24018417839_021f4fb5a0_kSo much of the narrative attention given to the Edsel brand is given to the first year cars. With high expectations and projections of greatness, the ultimate failure to meet the mark sours the story of the whole brand.

It decidedly makes the 1959 versions a case of “why bother?” Indeed, the Edsel was a Ford in a gaudier suit when Ford could ill afford the expense of tailoring a new set of clothes for an old body. One would also have to look at the case of saving face and not throwing in the towel as well. The 1959 Edsel in Ranger and Corsair guise were the inevitable placeholders before the eventual march off into oblivion.

23758252154_9c840be46d_zThe biggest change for the 1959 Edsel line was the models that were missing. The series count went from 4 to 2, as the just above basement Pacer and the top of the line Citation moved to the used car lot in the sky. Also gone was the usage of the Mercury body, and any concept of a “Senior” Edsel in the way General Motors quite often had “B” and “C” bodied Oldsmobiles and Buicks.

It all pointed to the failure of a master scheme for a “Super” Mercury to compete with Buick’s Roadmaster and Oldsmobile’s Ninety Eight. As Mercury sales themselves dwindled in 1958, they were given exclusive usage of their bodies back for 1959 and 1960. Of course, Mercury itself fell to earth and once again became a Fancy Ford for 1961.

23758520484_3a552d334b_zWhat was left, however, was a glitzy re-iteration of the 1957 Ford that, oddly, pushed the Ford brand upmarket into the quasi-medium priced market in the first place. By 1959, the basic quality demons that had plagued the first two years were mostly under control. By association, this meant, especially in lower demand, more focused production, that the 1959 Edsel benefited from quality control improvements as well.

Milder interpretations of Edsel styling features from the inaugural season appeared on the basic boxy Ford Body for 1959. The Horsecollar grille was no longer a free standing feature of the face of the Edsels, and perhaps thankfully lost comparisons to the labia majora on the way.

24304603761_635433fc69_zNow integrated into the grille and bumper at a reduced size, it made for a far less polarizing face. Out back, tail lamp lenses lifted from the 1958 Continental sat in a broad plain where the 1958 Edsel hung optional reverse lamps below their gull-wing tail lamps. The graceful arch of those tail lamps still found itself a distinct imprint on the fenders and decklid of the 1959 models, however.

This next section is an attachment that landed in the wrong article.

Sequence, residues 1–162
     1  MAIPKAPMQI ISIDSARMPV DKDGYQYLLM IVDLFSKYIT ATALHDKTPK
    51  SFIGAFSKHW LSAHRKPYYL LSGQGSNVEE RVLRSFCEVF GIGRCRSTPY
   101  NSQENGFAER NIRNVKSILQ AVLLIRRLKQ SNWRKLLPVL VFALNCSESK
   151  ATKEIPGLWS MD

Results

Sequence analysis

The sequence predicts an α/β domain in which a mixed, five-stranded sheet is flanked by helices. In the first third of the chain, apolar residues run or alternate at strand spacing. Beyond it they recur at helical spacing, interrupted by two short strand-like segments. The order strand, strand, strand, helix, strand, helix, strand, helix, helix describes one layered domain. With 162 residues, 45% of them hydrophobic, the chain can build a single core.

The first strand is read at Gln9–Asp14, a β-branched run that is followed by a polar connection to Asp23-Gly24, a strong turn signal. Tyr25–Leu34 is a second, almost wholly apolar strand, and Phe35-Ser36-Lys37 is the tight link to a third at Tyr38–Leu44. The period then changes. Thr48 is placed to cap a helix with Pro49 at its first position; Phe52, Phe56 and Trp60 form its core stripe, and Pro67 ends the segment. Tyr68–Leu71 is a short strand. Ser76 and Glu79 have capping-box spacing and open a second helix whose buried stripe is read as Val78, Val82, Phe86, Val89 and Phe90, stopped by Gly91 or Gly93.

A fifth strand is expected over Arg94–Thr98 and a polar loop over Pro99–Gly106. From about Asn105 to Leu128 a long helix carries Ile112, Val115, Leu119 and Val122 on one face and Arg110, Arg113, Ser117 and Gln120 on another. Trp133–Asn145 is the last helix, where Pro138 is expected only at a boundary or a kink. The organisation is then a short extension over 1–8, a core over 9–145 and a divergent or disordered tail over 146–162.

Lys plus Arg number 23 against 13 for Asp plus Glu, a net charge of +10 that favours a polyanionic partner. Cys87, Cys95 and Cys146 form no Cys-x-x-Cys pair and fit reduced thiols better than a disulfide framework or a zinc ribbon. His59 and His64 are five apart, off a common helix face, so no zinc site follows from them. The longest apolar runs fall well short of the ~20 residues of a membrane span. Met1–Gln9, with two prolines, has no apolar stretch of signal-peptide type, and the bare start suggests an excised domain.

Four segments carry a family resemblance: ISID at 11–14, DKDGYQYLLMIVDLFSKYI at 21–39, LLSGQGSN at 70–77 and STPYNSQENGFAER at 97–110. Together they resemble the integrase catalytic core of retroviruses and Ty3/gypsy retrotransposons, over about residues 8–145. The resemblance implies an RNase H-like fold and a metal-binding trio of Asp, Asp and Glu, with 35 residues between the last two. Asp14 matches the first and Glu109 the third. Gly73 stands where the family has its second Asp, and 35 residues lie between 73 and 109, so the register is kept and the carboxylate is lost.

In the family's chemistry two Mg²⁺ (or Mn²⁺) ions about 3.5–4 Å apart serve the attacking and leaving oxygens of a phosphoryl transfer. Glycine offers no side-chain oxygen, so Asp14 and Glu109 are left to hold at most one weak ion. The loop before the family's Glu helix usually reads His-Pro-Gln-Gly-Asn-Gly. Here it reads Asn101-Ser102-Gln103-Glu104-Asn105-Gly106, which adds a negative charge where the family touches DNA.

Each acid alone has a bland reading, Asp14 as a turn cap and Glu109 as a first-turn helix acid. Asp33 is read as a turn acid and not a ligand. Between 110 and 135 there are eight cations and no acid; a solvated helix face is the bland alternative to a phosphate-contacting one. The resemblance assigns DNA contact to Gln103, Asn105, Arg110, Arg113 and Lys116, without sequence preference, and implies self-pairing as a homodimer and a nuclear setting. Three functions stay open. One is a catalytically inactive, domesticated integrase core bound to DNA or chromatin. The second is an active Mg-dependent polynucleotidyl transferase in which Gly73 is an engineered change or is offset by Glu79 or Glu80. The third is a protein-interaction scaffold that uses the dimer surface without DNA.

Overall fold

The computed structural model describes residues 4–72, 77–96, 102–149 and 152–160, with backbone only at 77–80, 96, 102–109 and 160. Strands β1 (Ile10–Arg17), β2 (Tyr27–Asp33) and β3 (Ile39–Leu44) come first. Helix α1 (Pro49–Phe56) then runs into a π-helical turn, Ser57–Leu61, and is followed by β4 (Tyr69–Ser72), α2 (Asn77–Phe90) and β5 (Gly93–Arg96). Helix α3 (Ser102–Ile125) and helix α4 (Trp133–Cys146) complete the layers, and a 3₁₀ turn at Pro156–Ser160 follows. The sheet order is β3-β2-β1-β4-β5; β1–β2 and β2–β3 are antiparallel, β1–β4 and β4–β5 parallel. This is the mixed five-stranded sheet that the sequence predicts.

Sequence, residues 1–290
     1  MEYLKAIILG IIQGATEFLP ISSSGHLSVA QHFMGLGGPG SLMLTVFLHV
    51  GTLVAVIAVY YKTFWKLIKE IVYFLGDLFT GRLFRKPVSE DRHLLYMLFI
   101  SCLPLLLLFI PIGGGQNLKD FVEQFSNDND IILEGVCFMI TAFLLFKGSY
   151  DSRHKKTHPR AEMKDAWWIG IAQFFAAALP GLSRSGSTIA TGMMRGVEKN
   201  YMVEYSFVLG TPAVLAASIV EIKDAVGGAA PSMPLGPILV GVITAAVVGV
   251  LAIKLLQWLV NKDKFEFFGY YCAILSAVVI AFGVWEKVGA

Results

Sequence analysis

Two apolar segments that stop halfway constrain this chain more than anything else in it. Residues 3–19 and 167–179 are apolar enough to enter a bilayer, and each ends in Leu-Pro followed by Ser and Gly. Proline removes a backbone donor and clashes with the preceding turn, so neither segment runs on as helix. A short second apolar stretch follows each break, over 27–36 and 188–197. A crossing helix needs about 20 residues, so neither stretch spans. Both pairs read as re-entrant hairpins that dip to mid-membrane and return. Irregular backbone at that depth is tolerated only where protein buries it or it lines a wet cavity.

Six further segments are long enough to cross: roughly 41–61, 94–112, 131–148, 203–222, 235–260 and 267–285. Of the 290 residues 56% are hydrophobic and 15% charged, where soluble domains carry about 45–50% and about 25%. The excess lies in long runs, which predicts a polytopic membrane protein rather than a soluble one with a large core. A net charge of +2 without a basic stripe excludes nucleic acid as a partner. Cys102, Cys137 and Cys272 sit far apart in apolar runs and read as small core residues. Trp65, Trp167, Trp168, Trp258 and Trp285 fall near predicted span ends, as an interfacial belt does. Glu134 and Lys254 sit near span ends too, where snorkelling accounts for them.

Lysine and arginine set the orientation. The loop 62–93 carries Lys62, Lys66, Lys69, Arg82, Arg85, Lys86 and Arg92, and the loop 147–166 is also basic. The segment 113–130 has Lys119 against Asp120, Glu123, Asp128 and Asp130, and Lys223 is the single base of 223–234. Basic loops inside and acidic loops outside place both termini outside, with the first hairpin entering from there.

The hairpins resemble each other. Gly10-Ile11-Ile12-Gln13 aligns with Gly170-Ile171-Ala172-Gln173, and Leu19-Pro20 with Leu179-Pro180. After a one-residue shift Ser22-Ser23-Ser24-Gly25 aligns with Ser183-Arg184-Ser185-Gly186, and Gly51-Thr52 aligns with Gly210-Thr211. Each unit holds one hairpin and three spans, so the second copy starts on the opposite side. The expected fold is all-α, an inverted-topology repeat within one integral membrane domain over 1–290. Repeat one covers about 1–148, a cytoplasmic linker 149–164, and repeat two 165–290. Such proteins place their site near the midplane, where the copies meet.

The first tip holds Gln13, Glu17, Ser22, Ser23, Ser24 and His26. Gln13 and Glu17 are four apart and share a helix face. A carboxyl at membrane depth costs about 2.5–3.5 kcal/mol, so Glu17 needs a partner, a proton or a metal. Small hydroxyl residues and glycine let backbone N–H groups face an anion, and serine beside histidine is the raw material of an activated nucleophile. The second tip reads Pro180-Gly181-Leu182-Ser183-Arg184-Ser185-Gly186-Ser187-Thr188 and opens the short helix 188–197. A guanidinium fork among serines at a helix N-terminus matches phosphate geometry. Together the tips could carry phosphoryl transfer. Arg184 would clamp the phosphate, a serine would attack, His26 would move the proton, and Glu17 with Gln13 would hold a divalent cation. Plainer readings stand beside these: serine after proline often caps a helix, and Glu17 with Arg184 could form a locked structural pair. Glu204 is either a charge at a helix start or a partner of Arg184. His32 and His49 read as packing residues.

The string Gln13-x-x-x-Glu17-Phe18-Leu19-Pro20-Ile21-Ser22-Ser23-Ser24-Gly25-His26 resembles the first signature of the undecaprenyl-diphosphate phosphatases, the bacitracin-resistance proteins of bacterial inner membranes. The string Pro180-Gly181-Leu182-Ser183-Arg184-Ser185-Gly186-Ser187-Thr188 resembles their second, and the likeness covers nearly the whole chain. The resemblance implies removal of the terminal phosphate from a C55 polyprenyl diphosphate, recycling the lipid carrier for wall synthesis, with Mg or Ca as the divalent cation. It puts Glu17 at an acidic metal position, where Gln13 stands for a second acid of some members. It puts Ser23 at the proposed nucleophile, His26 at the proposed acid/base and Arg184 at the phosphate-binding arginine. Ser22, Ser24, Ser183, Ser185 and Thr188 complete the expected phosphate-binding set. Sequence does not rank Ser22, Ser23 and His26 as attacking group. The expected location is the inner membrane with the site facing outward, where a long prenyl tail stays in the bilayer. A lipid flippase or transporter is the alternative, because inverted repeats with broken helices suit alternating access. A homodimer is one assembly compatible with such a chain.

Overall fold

A slight shift in the engine bay happened as well. Although not offering junior Ford Powerplants like the Ranger did, the Corsair did adopt the weaker chested 332 cube FE Series V8 in 225 Horsepower Strength. This put it far below rival Pontiac and a few steps behind Dodge. The previous year standard 303 horse 361 version of the FE V8 available as standard in the Ranger and Pacer became the top tier model as consumers as a whole took the late 1950’s off from maximum performance and shot a keen eye toward economy when necessary. Gone for good was the one season only 410 Cube V8 with a rootin’ tootin’ 345 horsepower that gave the Corsair rather brisk performance the previous season.

23759033784_c844903f19_zThe true “why bother” came as the 1959 sales totals rolled in. While a number of brands posted slight recovery figures from the disaster that was 1958, Edsel’s fortunes dwindled from the mild high that it had in 1958. Edsel had finished close enough to 12,000 units ahead of DeSoto in 1958, but for 1959 the old stand by slightly bested the other weakest player in the Mid-Sized field by a few thousand units. Surely this was nothing to brag about as Pontiac, Oldsmobile and Buick still dominated the medium priced market. Robert McNamara had enough, and a small run of re-trimmed Ford Galaxies constituted the run of 1960 Edsels as the “Comet” was re-purposed as an “independent” compact in the Spring of 1960 eventually given full credit as a Mercury.

It sadly became the a case study and the brunt of automotive jokes for decades to come. As they stand, every surviving Edsel has a fascinating story to tell about how consumer culture, due to a number of factors, is the most risky gamble one can place a bet on.

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